Youngstown Professional Firefighters, IAFF Local 312, has filed suit against the City of Youngstown seeking an order compelling the city to arbitrate implementation of a change to quarantine procedures for COVID 19 exposures. The suit follows three years of labor-management discord resulting in over 45 grievances, and three unfair labor practices charges against the city.
The new procedure requires firefighters who are exposed to COVID 19, to quarantine at home using their own sick time, despite having no symptoms and testing negative. It also requires members exposed at work to use sick time. The procedure was unilaterally implemented by the city, prompting the union to file a grievance in January, 2022. The grievance alleged:
- There are two issues that are addressed within this grievance. The first pertains to members of Local 312 who were ordered by The City to quarantine at their own expense. This resulted in those members using their own sick time, thus causing them to lose their wages and benefits referenced above. These members were not sick; they were healthy and asymptomatic.
- The second issue pertains to members who were exposed to fellow firefighters while on duty, who tested positive, or were in direct contact with a COVID positive person on a call. These members were then ordered to use sick leave and then subsequently tested positive themselves, then ordered to quarantine and use their own sick time.
- By ordering members to quarantine (on their own time) who did not contract COVID, The City has penalized those members for being at work doing their job. The issue is not the members being responsibly quarantined, it is that they are forced to use their contractually earned benefits in order to comply with The City’s order to quarantine.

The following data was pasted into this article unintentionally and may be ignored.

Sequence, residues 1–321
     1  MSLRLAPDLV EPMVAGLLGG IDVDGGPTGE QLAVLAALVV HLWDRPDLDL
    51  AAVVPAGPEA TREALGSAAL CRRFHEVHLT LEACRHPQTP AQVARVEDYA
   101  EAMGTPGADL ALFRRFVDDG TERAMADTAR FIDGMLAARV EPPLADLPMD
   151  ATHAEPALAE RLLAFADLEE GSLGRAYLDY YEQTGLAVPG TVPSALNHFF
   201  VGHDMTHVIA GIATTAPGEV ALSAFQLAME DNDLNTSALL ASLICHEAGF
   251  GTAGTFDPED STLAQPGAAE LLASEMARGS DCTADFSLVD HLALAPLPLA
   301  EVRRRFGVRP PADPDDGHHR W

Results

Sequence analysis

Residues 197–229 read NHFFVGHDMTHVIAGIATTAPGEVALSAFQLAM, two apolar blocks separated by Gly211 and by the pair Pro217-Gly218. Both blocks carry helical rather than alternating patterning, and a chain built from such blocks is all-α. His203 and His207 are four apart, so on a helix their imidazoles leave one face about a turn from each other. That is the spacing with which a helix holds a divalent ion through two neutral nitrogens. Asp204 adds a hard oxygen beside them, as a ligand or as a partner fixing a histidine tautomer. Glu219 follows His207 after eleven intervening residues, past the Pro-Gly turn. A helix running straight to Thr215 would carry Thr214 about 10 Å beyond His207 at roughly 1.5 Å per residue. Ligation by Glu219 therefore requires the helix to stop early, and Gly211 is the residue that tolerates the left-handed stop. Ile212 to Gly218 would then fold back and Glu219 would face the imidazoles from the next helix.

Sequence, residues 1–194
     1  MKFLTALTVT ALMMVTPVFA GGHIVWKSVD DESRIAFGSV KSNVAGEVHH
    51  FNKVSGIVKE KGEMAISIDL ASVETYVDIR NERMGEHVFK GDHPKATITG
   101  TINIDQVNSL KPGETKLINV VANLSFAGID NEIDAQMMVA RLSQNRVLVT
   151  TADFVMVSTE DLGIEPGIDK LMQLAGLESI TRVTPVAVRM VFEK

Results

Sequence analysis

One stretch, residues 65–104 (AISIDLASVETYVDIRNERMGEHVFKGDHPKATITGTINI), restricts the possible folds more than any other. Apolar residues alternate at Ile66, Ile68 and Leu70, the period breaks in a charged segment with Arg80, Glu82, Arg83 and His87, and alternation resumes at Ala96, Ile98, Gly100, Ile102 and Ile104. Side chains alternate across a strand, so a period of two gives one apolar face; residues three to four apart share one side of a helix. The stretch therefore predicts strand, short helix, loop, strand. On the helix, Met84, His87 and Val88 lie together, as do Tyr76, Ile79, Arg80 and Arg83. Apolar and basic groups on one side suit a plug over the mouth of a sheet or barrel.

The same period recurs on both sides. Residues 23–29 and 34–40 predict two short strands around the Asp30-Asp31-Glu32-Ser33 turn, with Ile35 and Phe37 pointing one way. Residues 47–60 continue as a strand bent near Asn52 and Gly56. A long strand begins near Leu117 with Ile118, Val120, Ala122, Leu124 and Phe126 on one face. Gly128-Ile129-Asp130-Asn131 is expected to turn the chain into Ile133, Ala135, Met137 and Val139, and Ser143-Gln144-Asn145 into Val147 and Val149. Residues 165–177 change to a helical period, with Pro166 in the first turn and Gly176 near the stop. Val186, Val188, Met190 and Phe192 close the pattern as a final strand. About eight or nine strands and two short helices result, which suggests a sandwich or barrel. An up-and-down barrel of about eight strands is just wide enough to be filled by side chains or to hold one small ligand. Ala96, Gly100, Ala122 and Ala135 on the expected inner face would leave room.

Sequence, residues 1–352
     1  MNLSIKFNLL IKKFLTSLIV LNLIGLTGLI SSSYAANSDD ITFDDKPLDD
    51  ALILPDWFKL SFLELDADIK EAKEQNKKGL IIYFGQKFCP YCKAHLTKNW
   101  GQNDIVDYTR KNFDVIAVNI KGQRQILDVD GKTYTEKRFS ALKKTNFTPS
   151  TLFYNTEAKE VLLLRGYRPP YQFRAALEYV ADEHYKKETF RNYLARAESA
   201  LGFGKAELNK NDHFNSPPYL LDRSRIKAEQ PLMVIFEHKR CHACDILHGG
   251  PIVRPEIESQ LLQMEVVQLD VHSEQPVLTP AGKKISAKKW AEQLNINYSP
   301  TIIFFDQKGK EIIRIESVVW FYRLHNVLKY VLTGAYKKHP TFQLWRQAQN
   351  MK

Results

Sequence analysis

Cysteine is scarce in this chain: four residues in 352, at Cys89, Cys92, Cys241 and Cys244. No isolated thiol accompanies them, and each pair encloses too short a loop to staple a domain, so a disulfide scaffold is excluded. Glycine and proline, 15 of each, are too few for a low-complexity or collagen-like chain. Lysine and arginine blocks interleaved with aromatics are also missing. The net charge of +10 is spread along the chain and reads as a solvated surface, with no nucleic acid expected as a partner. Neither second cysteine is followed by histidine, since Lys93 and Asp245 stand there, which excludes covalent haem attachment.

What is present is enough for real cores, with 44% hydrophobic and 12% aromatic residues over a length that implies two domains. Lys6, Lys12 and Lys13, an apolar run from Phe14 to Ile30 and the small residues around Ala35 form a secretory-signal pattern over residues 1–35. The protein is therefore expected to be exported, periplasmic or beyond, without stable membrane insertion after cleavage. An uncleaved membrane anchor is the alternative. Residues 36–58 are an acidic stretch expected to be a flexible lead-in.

- Those members who tested positive after having a workplace exposure are also being penalized for doing their job. They contracted COVID after being exposed at work, then were required to use their contractually earned benefits to comply with the quarantine. This is an occupational disease exposure and therefore qualifies for IOD leave.
The city initially appeared willing to arbitrate the grievance. After a neutral arbitrator was appointed and as the parties were finalizing hearing dates, the city revealed its intention to contest the arbitrability of issues. Since that point, the city has refused to arbitrate the matter, prompting Local 312 to seek a court order compelling arbitration.
An article in the Vindicator outlines the unfortunate labor history between the parties.
Here is a copy of the complaint, filed in Mahoning County Court of Common Pleas.